“We do not have control over many things in life and death but we do have control over the meaning we give it.” ―
For over a decade now, I’ve scoured the shelves of my local library and bookstores for the types of literature that speak of women’s suffering—especially, the stories of women who have grieved over losing a child. In 2004, I found myself part of a community that I did not want to belong to, a reluctant joiner. Reading about how other woman had lost their babies didn’t make me more depressed about my miscarriages, no. Knowing I was not alone, that support existed, and that my feelings, experiences, physical and emotional wounds, and attitude about what I was going through were quite normal—all of it became an integral part of my healing journey. Our stories, no matter how painful they may be, need to be shared.
Miscarriage and infertility have affected me in dire ways. When I lost my first child, I knew I would never be the same. Honestly, I thought I would never get over the physical, not to mention, emotional toll losing her did to me. It wrecked me so. Yet, I survived it, five times more, even.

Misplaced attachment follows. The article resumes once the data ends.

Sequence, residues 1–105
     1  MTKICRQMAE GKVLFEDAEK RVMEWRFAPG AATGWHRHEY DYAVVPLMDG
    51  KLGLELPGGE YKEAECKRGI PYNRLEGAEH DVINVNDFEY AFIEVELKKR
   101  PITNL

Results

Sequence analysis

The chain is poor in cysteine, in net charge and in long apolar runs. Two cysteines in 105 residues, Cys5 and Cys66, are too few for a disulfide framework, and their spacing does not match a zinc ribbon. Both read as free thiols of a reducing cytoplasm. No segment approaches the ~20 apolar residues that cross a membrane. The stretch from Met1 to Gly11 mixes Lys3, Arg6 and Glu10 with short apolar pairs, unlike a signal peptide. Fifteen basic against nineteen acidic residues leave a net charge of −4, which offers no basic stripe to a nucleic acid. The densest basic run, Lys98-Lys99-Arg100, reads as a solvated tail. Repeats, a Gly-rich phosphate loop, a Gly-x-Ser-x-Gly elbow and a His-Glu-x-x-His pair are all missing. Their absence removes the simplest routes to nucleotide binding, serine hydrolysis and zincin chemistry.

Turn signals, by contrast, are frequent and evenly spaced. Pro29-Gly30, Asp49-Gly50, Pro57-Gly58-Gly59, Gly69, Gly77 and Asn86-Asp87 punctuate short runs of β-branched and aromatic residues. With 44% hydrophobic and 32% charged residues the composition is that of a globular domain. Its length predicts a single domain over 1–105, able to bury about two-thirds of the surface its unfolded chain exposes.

Today, I can reflect on the journey and realize, that with each baby loss, my capacity for compassion and empathy, tolerance and patience toward others, and myself, has grown in ways that may never have occurred if I hadn’t lost so much. The woman I am today is simultaneously stronger and softer, because of the suffering I have endured.
What I have learned along the way, with each subsequent baby loss, is that you must, must, must—only when you are ready—speak of your loss, share your story, and let your heart grieve in all the zig-zag ways it will. I’m so thankful for those book authors and bloggers I discovered, and for their courage to scratch open their wounds of baby loss to help me, and others like me, grieving a miscarriage and a child lost far too soon.
Once you open yourself up to the truth of your loss, you will begin to heal. You’ll cease feeling haunted by the what-ifs. What could I have done to prevent this? What should I have done differently? Will this happen again?